meeple

This guy is so excited about games that he decided to dress up as a blue meeple at the beach!*
[Source]

Where to begin

Based on the above descriptions, you may be drawn to a particular kind of game. You’ve likely already played a party game in recent years. If you have any friends who like to play games, ask them to play. I’ve never met a board game fan who will turn down a game night. If you don’t know any game lovers, check out a local board game store. For me, it’s the Chicagoland Games: Dice Dojo on Broadway and Bryn Mawr.

Going to your local store is great for a few reasons: 1. Any purchase would help support a local business; 2. They usually have demo libraries full of games you can try before you buy (with no pressure to buy at all); and 3. They typically host open game nights. The Dojo, for example, hosts an open board game night each Wednesday. There, you can meet like-minded people and try your hand at a new game. You are most likely not the only person unfamiliar with the game, so the environment is very conducive to learning and asking questions.

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Open game night at the Dojo. You can see a sliver of the demo wall on the right. They have so many games to try.
[Source: Me, after participating in a great open game night at the Dojo]

Now, since I tend to like strategy games (and party games) best, and since that’s kind of what I started off talking about here, I’d personally recommend starting with Dominion. Admittedly, I have no other frame of reference, but I think it’s a fun game that’s easy to learn and play in a relatively short amount of time. Another popular starting point for strategy games is Catan, formerly known as Settlers of Catan or “Settlers.”

Learning to play a new game

I’ll admit, when we first started playing Dominion, I found the eight-page rule book to be rather daunting. Now, I find eight-page rule books to be refreshingly short.

timeout

“Time out. I don’t want to read eight pages of rules. What else can I do?”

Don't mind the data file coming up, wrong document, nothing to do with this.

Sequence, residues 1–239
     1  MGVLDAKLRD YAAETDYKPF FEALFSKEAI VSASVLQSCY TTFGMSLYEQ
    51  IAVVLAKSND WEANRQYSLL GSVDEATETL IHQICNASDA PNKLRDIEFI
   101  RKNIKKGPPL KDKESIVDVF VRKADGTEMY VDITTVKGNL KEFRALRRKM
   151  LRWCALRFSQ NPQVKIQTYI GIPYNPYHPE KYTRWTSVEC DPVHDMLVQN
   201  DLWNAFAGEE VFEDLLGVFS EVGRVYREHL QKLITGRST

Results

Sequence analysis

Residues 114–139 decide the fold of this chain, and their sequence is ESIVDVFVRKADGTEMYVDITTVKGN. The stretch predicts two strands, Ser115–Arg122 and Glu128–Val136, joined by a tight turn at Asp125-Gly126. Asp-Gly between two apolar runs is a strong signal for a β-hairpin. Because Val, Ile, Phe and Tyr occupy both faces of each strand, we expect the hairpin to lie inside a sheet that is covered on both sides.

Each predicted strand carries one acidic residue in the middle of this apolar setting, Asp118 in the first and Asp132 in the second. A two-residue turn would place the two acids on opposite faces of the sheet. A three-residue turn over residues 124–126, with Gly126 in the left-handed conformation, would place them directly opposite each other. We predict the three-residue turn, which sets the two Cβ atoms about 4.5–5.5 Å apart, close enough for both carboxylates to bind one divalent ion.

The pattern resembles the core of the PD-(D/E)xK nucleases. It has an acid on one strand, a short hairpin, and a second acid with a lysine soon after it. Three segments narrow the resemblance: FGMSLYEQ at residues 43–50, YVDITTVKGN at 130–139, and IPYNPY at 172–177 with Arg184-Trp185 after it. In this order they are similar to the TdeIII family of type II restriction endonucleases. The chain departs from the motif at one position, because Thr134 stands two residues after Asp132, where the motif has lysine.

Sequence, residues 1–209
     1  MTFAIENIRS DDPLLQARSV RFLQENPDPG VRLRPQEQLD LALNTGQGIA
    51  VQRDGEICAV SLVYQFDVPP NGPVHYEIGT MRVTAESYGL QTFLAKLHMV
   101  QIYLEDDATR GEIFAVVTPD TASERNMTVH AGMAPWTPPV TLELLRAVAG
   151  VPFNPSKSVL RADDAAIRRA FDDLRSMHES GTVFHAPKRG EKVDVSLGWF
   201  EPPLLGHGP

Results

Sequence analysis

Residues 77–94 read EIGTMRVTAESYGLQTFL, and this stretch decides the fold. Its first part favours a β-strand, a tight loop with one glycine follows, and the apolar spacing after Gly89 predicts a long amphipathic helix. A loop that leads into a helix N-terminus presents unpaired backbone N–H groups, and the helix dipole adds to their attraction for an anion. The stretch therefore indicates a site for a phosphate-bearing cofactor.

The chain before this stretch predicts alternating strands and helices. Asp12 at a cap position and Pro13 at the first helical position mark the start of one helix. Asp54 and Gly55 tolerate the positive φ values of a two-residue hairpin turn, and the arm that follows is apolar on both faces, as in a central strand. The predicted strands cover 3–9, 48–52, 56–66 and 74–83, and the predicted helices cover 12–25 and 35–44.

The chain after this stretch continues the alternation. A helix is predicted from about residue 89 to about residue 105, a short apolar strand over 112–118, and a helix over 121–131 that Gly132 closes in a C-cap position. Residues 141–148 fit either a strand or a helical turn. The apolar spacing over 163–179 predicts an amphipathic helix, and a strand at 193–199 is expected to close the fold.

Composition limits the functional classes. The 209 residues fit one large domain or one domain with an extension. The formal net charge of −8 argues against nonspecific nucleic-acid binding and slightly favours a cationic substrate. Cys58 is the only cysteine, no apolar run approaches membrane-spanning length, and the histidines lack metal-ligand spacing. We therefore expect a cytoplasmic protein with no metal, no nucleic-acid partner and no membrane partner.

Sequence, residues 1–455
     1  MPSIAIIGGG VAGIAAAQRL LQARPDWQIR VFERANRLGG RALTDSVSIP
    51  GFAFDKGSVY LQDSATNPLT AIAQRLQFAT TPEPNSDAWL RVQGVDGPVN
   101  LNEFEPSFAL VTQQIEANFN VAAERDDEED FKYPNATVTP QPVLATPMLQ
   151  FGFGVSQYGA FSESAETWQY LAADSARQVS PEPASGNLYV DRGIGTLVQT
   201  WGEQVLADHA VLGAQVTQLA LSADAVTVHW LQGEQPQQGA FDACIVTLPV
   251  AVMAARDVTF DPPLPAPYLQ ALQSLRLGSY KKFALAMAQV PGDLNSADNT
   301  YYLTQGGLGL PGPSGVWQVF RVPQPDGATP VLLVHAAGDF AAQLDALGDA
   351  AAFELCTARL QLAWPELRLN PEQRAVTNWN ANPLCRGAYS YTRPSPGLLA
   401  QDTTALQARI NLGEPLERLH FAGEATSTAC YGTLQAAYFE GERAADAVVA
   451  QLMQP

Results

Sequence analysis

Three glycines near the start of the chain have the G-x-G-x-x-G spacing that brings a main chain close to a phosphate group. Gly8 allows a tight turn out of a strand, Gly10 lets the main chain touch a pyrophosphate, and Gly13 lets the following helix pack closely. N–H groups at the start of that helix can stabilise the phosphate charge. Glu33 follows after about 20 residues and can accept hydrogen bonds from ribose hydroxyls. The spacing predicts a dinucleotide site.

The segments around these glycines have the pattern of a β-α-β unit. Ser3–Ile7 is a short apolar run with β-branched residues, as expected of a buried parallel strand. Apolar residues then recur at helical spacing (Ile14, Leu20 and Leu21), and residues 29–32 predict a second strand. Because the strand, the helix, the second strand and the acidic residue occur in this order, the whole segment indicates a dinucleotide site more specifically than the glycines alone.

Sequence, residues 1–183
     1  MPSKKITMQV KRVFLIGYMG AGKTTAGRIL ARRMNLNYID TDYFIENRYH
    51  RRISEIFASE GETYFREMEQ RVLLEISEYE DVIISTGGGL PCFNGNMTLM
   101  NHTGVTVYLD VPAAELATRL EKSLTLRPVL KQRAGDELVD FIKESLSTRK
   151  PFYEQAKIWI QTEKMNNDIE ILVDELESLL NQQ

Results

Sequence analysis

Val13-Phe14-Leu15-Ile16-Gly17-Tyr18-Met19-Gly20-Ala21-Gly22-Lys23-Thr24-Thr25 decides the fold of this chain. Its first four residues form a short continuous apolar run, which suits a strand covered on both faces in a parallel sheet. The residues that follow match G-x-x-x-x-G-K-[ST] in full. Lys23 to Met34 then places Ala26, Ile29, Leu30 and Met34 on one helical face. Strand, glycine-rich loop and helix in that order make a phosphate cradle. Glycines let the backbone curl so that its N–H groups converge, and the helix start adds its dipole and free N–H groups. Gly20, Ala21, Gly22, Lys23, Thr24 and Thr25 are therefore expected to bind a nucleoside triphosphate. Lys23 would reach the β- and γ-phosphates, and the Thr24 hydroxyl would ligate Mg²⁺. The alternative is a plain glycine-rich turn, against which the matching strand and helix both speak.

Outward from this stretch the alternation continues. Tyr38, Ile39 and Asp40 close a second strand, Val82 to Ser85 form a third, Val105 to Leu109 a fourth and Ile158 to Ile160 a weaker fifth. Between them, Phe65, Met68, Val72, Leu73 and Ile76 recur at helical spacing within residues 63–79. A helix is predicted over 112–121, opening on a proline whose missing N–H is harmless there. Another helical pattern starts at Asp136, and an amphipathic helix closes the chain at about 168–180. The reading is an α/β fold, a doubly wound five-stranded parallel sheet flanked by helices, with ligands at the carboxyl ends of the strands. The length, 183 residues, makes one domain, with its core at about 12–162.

[Source]

There are several ways to learn how to play a new game. Over time I’ve realized that, in order of preference, I like to:

  1. Play with someone who already knows the game;
  2. Watch an overview video; and/or
  3. Read through the rule book.

Playing with people who know the game. Assuming your friends are somewhat articulate, it’s easiest to learn how to play a game from people who have already played it, especially if they’re played more than once. After a brief summary of components and rules, I often find that it’s easiest to just start playing and asking questions along the way. Sure, you may not be able to form a solid strategy yet, but there’s no better way to improve than by making mistakes. Plus, if you totally suck it up the first time, imagine how surprised they’ll be when you dominate the second time around.

Watching an overview video. Now, let’s say you know you’re going to play a game but you don’t own it and your friends aren’t with you yet. Save everyone the time and energy of having someone explain it by watching an overview video first. Good ones (like the Watch It Played series) will provide a succinct review of the basic game play and may even throw out a few ideas for strategy. The Dice Tower also has some nice videos.

Reading the rules. Finally, it never hurts to learn a game by simply reading the rules the designers took so long to write. In my experience, they become easier to understand the more games you play and rule books you read.

Regardless of how I initially learn a game, I find it to be very insightful to read through the rule book again after playing once. With a basic understanding of the game down, it’s easier to understand some of the intricacies of the rules. It’s also helpful because you realize what you did incorrectly the first time. Oops.

Ready to Play?

Enough talking about what kinds of games are out there and how to learn how to play them. It’s time for you to just start playing!

Have no friends? There are several solo games. Have a lot of friends? Grab a party game. Have just a medium amount of friends? You’re in luck, because there are a gazillion for two to four players.

Because I talked up Dominion a couple of times throughout this post, look for a follow-up that gives a little more detail about the game and why Papa Bear and I like it so much.

(Edit: Here’s the Dominion review.)

Again, the best part of playing games is the social element (although I do love a good mental challenge and some healthy competition). So while you (eagerly) wait to learn more about Dominion, feel free to ask questions or comment with your personal favorites.

go

Yes, I’m using a Monopoly board as the final image on a post where I kind of bash Monopoly. 
[Source]

*A meeple is a little wooden figure used in board games.